CIO critical to Medicare modernization to retire
- By Mary Mosquera
- Mar 28, 2006
Dean Mesterharm, CIO of the Centers for Medicare and Medicaid Services, will retire at the end of April after having set the agency on a course to IT modernization. Mesterharm has been CIO and director of the Office of Information Services at CMS since May 2005.
He has been integral to the modernization of how CMS provides Medicare, the government's health plan for senior Americans. As CIO, Mesterharm has focused on consolidating and modernizing CMS' data center operations and databases. CMS is an agency of the Health and Human Services Department.
Mesterharm said no decision has been made on who will become CIO when he leaves but a transition strategy is in place. Wallace Fung currently is deputy CIO and chief technology officer.
Mesterharm came to CMS in 2004 on detail from the Social Security Administration, where he was deputy CIO, to become the senior IT technical adviser on implementing the Medicare Modernization Act. He became CIO the following May when then CIO Timothy Love became director of the Office of Research, Development and Information.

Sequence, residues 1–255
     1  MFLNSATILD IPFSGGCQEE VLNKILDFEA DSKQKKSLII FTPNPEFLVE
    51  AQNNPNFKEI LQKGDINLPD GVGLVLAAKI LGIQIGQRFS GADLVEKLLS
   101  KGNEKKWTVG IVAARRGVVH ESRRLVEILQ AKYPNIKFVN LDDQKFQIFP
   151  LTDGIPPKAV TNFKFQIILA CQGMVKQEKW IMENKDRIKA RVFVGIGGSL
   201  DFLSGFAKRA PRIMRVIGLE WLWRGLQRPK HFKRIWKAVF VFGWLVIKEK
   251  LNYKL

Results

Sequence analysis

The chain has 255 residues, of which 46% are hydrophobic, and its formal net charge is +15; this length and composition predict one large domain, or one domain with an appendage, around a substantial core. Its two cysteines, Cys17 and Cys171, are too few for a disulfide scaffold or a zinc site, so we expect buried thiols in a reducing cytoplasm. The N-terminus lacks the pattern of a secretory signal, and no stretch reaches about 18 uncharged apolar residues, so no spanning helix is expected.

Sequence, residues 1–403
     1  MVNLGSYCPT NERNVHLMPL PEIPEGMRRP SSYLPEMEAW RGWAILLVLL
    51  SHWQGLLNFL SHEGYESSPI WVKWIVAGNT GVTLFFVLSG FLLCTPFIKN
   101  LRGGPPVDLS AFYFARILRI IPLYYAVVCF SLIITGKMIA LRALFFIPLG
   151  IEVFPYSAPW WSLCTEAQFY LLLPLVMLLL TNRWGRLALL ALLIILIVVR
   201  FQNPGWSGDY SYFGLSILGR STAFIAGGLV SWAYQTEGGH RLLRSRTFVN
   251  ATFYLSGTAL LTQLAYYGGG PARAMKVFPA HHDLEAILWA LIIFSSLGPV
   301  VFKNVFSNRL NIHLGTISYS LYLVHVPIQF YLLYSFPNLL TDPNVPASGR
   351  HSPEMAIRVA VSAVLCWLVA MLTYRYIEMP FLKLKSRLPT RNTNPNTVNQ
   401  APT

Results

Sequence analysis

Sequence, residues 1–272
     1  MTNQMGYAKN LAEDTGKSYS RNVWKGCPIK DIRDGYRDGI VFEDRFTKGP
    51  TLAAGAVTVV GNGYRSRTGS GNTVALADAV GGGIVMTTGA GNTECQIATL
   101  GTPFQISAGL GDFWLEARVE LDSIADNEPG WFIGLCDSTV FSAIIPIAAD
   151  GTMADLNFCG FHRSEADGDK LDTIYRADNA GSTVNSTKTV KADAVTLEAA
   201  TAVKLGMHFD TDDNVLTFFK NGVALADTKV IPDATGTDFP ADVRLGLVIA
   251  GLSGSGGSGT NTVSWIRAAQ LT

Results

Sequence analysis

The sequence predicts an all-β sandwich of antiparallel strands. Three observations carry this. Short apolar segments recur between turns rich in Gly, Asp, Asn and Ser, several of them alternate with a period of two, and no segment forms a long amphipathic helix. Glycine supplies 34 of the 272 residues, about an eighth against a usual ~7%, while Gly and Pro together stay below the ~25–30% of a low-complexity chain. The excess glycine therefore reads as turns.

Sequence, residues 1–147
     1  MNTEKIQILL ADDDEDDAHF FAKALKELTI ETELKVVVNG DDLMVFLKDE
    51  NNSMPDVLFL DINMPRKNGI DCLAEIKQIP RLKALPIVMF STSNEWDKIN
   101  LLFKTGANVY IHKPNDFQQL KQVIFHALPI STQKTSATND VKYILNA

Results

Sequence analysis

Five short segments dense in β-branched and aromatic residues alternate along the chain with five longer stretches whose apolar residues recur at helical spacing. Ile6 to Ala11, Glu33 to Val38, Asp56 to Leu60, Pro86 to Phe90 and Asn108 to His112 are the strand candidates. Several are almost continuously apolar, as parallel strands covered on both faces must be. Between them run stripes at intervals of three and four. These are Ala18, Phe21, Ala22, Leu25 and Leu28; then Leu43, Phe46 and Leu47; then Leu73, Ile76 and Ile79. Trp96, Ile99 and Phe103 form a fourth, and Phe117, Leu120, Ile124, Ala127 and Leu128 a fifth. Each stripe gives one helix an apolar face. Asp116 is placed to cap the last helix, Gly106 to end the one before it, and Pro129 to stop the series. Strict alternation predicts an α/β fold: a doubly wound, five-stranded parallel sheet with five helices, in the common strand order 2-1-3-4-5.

Earlier this month, Mesterharm awarded
multiple contracts to consolidate CMS operations from 22 data centers to three centers and another one that would transition to provide testing and development.
'This will make a huge difference from the standards, security and operations standpoint,' he said.
CMS last year began to integrate its databases into an enterprise data repository
. CMS will complete integrating data from the Medicare drug plan by year end and the databases related to Medicare hospital and physician office claims by 2008, he said. Researchers will be able to better analyze the data for trends in fraud and abuse.
'When we're done, it will be one of the largest databases in the world,' Mesterharm said.
A long-time federal and private-sector IT executive, Mesterharm will retire and move to North Carolina. He received his B.S. from Purdue University of West Lafayette, Ind.
Mary Mosquera is a reporter for Federal Computer Week.